Tuesday, September 26, 2006

Because I needed something more to do...

...I'm now blogging for The Point, the blog for BreakPoint. You'll find lots of thoughtful posts there on a wide range of Christian worldview topics. The good news is that The Point blog gives me an outlet for commenting on non-divorce topics, keeping this one more tightly focused on the issue you came here to read about. But still, check us out on The Point.

Learning the right way

There's a lot of bad press out there condemning children of divorce to repeat the sins of their fathers (and mothers). Dr. John Trent's book Breaking the Cycle of Divorce shares practical strategies for children of divorce to divorce-proof their marriages. Crosswalk has a nice summary posted. Go check it out. (Hat tip to Linda Jacobs.)

Wednesday, September 20, 2006

We become a metaphor

Reading through accumulated articles on divorce and children, I came across this sad story:

"Two deathly unhappy, but still fabulously preppy and well-known, parents decide to finally separate, with the intention that they will soon be divorced. They have a small and equally fabulous child who is too young and too fascinated with shiny objects to comprehend the entire situation. The parents, being slightly self-absorbed, do not take the child seriously into consideration when they plan out this separation. Their main objective is to fix the hellhole of a marriage that they found themselves in as soon as humanly possible. The small child hears Mommy and Daddy fighting constantly, and does eventually notice that Daddy is not around as much as he used to be (the small child of course only notices this when old toys have not been replaced by newer, shinier ones). So Daddy's gone, Mommy seems to be awfully thirsty lately, and the child is left wondering what the hell is going on here. Eventually, the child ends up in therapy, where he resents his parents for continuing to control his life when he sees how badly their control habits have affected their marriage."

...only to read on and discover that all this is an allegory for students who are frustrated with their school's administration. Interesting. The take-away here is that being a child of divorce is so universal, it can now be used to explain other mundane circumstances.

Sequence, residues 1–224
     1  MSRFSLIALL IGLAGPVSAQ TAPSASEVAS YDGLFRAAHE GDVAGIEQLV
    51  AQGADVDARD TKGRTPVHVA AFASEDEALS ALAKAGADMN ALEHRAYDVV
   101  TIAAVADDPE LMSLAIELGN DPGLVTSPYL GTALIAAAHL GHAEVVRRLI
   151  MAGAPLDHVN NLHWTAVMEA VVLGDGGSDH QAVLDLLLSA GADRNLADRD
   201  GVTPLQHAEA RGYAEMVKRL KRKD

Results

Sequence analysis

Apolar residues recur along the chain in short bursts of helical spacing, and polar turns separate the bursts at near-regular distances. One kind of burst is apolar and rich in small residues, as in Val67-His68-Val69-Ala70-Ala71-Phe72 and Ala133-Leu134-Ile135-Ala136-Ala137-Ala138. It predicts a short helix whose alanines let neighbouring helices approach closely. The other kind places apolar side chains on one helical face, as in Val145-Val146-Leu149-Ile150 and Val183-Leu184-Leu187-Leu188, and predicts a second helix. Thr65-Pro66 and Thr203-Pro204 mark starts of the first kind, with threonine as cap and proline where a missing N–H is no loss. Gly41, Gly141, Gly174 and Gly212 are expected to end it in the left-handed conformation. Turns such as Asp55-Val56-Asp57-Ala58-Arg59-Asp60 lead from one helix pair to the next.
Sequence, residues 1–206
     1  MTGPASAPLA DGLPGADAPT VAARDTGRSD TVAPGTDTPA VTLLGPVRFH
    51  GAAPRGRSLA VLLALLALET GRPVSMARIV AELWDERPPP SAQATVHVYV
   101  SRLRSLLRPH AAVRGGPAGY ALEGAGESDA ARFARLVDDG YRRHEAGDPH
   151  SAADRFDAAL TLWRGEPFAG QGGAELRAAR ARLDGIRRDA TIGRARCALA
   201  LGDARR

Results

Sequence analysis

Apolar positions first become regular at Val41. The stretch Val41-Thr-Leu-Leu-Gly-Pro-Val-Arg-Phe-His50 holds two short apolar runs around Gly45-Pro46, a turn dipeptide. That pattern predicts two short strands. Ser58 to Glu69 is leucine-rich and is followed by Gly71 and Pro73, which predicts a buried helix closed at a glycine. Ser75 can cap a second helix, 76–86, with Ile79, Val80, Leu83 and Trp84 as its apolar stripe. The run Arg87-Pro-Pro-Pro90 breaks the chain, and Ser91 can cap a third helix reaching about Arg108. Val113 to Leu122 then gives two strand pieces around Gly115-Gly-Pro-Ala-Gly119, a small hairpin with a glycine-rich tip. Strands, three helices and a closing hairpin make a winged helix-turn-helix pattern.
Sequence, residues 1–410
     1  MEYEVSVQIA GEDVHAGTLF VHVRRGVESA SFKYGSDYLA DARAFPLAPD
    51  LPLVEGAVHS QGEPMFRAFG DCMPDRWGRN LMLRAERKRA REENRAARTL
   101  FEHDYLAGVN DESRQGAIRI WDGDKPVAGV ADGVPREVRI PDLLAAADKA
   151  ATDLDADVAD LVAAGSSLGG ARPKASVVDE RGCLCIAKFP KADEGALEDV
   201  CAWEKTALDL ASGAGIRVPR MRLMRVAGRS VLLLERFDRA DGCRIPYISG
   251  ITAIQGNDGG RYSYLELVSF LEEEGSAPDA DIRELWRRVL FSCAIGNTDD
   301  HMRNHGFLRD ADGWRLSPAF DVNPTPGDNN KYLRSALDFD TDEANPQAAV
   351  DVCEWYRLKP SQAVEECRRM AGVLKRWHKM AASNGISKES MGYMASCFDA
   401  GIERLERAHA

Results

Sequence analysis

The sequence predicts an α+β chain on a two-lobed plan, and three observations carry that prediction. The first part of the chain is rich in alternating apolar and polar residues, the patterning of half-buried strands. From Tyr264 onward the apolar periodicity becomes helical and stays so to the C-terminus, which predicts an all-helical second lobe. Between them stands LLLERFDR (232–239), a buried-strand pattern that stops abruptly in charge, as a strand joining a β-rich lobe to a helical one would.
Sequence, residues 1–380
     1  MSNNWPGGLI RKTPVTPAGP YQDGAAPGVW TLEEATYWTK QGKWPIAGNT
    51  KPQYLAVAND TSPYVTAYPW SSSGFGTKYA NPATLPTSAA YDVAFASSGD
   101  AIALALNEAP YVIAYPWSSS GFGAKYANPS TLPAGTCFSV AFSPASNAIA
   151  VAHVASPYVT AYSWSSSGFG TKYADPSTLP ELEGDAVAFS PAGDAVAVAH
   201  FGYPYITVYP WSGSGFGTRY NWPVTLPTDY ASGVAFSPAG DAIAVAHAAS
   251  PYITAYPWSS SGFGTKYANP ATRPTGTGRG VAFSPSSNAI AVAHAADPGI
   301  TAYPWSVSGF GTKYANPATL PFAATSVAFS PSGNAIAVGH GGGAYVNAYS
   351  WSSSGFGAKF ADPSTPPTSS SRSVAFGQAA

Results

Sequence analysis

Dads Wanted

Now in bookstores, Dr. Meg Meeker's book Strong Fathers, Strong Daughters encourages dads to get involved in their little girls' lives. A few facts from the press release:
  • Girls with a father figure feel more protected, have higher self-esteem, are more likely to attempt college, and are less likely to drop out of college.
  • Six-month-old babies score higher on tests of mental development if their fathers are involved in their lives.
  • Girls with fathers who are involved in their lives have higher quantitative and verbal skills and higher intellectual functioning.

Amazon gives a list of topics covered in the book, including "Why girls need God—and how your faith, or lack thereof, will influence her." Definitely in my shopping cart! And the stack of unread books grows...

Monday, September 11, 2006

Reaching the young

The Wall Street Journal featured an article last week on the "church-growth" movement, a controversial but popular undercurrent in modern evangelicalism. Rick Warren is one of the leaders in this movement with his bestseller, The Purpose-Driven Life. I really hope the reporter writing the story didn't get this part quite right (which often happens when agnostic or non-believing reporters approach spiritual topics), but this quote summarizing Warren's approach characterizes all the reasons I'm turned off by Warren -- and why I was so surprised by his comparatively solid appearance on Charlie Rose a few weeks back. Here's the quote, the reporter speaking: "[Warren] figured they might find God if they could sit in a theater-style auditorium and listen to live pop music and sermons that could help them with ennui and personal problems." Really? That's all it takes? A little redecorating, change the DJ, and voila.

While that may not be the solution, there certainly is a problem. The Barna Group came out with a new research summary today asserting that we're missing the boat with our teens. Their research finds that as teens move into their twenties, they stop attending church. They are unable to apply the Sunday school lessons and youth group skits into anything that has meaning beyond high school. A Washington Post article from Sunday confims this, starting off with the story of an evangelical teen, now in her late twenties, who left her traditional roots because, "as an environmental activist, she believed that it offered little spiritual support for her work." She's now a congregant at Brian McLaren's church. McLaren grew up in a conservative tradition, but left that behind in his teens, according to the article, because, "As someone who loved books, music and science, 'I was on the way out from the Christian faith.'"

This is a sad indictment of the teaching we're dispensing to our kids! Even sadder, it's probably this way because not enough adults know any better themselves. Books, music and science are not antithetical to faith. Environmental issues have huge spiritual support. The entire Bible begins in a garden, for Pete's sake, with the God of the universe commanding His newly-fashioned people to take care of the place! He communicated His words to us in a book, complete with a hymnal right in the middle, and loaded with information about science. Now, don't get me wrong, we can't reduce Scripture to literature and biology, any more than we can re-tool God as Mother Earth with a beard. But we can and should be teaching our kids that God has important things to say about every aspect of life.